Bad Livers

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Bad Livers
The Bad Livers on stage at Old Settlers' Park, Round Rock, Texas, October 7, 1994. Left to right: Mark Rubin, Ralph White, Danny Barnes.
The Bad Livers on stage at Old Settlers' Park, Round Rock, Texas, October 7, 1994. Left to right: Mark Rubin, Ralph White, Danny Barnes.
Background information
OriginAustin, Texas, United States
GenresOld-time, Country, Bluegrass, Folk, Blues, Gospel, Polka, folk punk
Years active1990–2000
LabelsQuarterstick, Sugar Hill

The Bad Livers were an American band from Austin, Texas, United States, whose inventive musical style defied attempts to categorize them according to existing genres, though their influences included bluegrass, folk, punk, and other musical styles.[1][2][3] The original lineup, formed in 1990, included Danny Barnes on banjo, guitar and resonator guitar, Mark Rubin on upright bass and tuba, and Ralph White III on fiddle and accordion. Barnes composed the majority of the group's original songs.[4] When White left the group at the end of 1996, he was briefly replaced by Bob Grant on mandolin and guitar. Barnes and Rubin then continued to perform and record as a duo until unofficially dissolving the band in 2000. The band has neither toured nor recorded since then, but Barnes and Rubin have played a few live shows with Grant in 2008, 2009, and 2014.[5][6]

The Bad Livers' music has often been cited for its influence on other groups,[7][8][9][10] creating what The Austin Chronicle described as "an impressive legacy".[11] The Stranger credited them with "revitalizing roots music",[12] and, according to the San Francisco Chronicle, "The Bad Livers helped open the way for old-time and bluegrass bands of today".[13]


The Bad Livers formed in 1990, when Barnes "came up with this idea that it would be great to have a small-format acoustic band that could play different kinds of music [at a] virtuoso level, where they could play any kind of music".[14] He began playing with Rubin and White,[15] and the trio adopted the name Bad Livers in the summer of 1990.[16] They began playing frequently in Austin,[1] including a weekly set at the Saxon Pub.[17] A typical set in 1991[18][19] included a wide variety of styles and periods of music, as Rubin later explained: "We were doing Mississippi John Hurt, gospel tunes, Captain Beefheart—anything, really, but it was Motörhead or the Misfits that caught on."[20]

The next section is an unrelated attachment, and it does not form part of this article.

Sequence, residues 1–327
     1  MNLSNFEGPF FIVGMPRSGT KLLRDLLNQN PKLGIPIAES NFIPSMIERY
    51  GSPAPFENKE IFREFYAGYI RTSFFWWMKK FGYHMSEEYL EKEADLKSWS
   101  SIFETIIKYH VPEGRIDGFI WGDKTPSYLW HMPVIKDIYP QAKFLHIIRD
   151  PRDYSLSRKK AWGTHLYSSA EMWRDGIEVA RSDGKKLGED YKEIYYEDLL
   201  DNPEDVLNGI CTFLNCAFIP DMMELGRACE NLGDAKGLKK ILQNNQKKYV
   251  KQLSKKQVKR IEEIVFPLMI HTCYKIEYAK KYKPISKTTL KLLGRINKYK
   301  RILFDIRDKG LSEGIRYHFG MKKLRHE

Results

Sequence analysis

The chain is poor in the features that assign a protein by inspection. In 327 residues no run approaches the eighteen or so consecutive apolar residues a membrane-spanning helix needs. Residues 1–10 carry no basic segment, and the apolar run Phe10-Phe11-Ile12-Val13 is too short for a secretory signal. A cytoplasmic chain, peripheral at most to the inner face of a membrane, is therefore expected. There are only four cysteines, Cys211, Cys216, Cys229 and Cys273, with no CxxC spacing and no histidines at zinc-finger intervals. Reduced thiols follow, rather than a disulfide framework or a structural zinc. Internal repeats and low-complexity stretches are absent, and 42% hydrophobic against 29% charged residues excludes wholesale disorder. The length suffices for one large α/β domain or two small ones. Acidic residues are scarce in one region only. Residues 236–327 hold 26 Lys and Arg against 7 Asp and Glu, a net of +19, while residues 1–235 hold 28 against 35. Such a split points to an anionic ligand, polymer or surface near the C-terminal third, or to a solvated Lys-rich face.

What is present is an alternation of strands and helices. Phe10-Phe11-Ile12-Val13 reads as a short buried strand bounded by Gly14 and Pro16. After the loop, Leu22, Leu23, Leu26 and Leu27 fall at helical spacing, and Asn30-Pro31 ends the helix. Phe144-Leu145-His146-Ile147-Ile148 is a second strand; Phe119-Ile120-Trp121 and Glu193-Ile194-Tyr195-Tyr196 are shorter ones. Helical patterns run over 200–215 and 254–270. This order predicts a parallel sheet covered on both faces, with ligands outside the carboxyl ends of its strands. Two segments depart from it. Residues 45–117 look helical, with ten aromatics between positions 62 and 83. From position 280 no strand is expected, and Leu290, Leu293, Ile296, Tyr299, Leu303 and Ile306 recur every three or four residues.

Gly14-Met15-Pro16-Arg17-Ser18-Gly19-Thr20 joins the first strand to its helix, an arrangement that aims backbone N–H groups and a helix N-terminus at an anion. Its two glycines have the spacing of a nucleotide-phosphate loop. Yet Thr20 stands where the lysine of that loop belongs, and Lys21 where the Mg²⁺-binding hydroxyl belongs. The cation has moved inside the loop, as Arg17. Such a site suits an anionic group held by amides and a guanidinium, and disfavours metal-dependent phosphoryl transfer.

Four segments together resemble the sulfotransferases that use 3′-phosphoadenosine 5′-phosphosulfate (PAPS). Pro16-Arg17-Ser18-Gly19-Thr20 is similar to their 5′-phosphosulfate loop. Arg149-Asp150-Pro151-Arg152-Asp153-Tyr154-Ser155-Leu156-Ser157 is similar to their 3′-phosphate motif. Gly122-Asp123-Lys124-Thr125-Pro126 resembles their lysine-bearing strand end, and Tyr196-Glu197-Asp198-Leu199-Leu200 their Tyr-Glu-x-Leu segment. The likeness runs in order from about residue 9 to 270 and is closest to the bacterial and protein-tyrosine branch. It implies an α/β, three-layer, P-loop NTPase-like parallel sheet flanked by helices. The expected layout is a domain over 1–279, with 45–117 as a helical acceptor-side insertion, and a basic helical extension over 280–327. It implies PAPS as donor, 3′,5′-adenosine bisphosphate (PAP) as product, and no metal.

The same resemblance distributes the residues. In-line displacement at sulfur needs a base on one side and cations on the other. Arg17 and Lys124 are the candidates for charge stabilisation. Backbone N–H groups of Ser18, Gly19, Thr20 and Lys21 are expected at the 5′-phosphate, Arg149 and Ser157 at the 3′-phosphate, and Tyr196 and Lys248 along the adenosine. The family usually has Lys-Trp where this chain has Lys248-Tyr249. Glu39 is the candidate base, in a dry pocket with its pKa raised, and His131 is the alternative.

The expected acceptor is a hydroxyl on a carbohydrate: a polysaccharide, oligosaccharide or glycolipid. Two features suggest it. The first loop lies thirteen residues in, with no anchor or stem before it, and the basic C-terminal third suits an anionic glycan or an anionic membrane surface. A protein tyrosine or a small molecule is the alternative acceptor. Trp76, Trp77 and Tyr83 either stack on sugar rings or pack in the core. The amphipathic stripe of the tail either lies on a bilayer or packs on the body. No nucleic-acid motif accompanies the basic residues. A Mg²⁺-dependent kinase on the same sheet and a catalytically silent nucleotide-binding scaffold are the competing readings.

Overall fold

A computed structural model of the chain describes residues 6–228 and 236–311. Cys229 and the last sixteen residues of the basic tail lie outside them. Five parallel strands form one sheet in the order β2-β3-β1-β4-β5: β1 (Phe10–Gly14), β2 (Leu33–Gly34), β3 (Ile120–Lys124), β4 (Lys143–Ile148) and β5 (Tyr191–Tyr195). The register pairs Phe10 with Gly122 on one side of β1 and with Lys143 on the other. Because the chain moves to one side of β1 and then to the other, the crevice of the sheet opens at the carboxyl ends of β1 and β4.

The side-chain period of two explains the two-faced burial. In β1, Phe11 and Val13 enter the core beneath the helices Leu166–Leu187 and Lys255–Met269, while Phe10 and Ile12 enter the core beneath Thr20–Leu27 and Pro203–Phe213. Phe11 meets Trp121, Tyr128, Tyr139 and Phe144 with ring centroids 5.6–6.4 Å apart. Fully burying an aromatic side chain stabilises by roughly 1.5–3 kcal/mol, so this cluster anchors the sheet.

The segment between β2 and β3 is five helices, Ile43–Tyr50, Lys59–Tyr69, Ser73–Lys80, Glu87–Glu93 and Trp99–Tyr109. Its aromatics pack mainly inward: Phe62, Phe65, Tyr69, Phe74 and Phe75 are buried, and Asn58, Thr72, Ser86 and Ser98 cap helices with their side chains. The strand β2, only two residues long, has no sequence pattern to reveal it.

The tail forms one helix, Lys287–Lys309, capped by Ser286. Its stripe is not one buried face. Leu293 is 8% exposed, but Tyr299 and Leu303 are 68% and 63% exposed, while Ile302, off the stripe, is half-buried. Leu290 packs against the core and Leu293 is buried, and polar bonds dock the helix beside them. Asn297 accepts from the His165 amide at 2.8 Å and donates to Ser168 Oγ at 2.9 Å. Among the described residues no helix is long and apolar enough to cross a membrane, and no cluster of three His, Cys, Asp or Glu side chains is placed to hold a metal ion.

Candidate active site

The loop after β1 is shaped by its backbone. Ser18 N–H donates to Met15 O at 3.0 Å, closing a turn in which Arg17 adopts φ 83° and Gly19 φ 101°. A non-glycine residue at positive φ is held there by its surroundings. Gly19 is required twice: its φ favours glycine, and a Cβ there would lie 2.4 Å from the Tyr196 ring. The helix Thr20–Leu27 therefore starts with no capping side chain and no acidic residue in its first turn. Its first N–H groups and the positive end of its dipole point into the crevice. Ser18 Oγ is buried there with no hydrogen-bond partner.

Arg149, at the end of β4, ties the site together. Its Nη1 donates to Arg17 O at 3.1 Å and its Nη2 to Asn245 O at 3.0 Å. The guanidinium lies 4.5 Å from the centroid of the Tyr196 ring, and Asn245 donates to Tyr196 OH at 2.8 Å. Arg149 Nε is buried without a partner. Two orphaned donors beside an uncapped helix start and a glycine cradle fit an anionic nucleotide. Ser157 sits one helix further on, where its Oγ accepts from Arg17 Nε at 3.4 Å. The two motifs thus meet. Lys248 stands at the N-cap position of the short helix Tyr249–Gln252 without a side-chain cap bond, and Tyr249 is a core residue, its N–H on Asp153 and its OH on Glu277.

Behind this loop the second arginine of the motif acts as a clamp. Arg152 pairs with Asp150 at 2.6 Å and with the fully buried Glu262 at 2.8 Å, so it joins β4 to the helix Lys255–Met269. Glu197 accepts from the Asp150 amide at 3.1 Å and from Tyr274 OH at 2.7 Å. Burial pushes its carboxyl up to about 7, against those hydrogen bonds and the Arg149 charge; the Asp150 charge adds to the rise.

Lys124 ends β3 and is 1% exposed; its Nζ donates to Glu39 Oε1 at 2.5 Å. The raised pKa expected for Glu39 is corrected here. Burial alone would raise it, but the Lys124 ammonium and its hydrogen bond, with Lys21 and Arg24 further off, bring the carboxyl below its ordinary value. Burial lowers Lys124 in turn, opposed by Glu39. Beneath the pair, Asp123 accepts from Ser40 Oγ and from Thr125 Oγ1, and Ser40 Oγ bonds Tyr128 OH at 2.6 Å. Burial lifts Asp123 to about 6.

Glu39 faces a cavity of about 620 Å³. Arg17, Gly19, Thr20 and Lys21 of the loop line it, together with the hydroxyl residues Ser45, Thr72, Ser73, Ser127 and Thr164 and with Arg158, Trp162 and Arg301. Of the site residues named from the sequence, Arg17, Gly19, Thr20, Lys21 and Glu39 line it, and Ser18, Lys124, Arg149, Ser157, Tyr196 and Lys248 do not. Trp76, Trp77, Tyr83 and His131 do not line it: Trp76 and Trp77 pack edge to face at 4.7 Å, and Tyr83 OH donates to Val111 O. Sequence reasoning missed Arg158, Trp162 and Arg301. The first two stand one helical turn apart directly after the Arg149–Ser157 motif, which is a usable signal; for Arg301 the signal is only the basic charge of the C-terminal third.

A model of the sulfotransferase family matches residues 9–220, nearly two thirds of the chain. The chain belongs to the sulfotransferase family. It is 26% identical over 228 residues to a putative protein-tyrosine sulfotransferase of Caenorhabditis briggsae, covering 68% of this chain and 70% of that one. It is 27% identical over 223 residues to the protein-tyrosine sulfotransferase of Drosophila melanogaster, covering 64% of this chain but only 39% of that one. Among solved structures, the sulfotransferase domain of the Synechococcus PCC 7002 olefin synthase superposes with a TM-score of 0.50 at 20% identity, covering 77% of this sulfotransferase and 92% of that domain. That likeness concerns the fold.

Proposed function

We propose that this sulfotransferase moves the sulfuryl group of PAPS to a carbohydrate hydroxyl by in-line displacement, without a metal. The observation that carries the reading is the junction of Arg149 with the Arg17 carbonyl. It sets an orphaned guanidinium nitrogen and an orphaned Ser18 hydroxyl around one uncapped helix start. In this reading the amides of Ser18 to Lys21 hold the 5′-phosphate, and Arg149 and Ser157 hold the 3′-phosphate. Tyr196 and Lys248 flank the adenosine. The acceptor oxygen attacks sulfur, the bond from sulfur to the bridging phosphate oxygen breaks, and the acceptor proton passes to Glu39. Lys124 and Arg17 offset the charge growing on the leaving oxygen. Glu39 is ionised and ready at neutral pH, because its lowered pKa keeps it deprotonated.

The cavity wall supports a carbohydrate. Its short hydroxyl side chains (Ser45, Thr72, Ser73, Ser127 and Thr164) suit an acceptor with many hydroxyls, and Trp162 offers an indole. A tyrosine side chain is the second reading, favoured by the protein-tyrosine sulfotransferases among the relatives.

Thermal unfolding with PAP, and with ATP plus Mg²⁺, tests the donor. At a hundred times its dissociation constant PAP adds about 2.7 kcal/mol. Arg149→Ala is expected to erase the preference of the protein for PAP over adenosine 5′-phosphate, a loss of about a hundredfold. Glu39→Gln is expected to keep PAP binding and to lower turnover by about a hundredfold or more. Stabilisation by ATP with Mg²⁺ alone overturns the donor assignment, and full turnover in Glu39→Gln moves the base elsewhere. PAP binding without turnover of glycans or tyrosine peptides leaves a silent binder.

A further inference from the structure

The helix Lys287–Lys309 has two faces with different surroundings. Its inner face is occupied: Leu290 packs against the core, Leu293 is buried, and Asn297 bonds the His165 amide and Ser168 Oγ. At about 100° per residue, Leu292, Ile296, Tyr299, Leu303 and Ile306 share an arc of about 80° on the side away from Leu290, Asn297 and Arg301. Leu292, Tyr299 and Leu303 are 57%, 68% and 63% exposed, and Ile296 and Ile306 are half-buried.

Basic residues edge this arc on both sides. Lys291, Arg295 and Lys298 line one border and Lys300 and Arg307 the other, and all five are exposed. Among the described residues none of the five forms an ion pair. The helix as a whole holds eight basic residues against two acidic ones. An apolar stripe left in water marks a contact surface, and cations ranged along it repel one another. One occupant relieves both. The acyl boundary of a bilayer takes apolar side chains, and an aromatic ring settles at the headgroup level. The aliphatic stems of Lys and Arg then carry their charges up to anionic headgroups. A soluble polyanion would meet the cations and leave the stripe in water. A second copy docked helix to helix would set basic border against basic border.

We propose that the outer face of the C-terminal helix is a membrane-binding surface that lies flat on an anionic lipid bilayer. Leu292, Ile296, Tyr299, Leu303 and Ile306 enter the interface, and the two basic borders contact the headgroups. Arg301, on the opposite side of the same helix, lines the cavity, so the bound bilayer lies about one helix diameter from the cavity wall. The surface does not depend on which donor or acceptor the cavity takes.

Imprecise descriptions of the Bad Livers' music abounded: "thrash-grass",[21] "acoustic bluegrass with a punk death wish",[22] "something called 'contemporary bluegrass,'"[23] and "acoustic-metal-bluegrass",[24] although these same sources would cite the band as "much-lauded"[24] and note that "the musicians can really play".[22] The recurrence of the term bluegrass, however bizarrely it was modified, along with counter-assessments of them as "good, faithful traditionalists" who "preserve the spirit as well as the technique of old-timey folk music",[25] created a generic perplexity that led Austin country legend Don Walser to observe that the only question he couldn't answer was what kind of music the Bad Livers played.[26]

Barnes insisted that the Bad Livers were not a bluegrass band,[2][4] but had created an original sound: "This isn't bluegrass and it isn't this or that. It's Bad Liver music. We end up making our own thing."[27] Barnes' original compositions were featured on their first album, Delusions of Banjer,[28] released in 1992 on Quarterstick Records and produced by Paul Leary of the Butthole Surfers. The album was praised for "Barnes's strong material, as well as the group's tight musical interaction".[4] Barnes credited the latter with improving the former: "The musical telepathy is really good. I can sort of tailor-make a song to the guys' playing, make the song fit what they're doing, since I write most of the material."[4]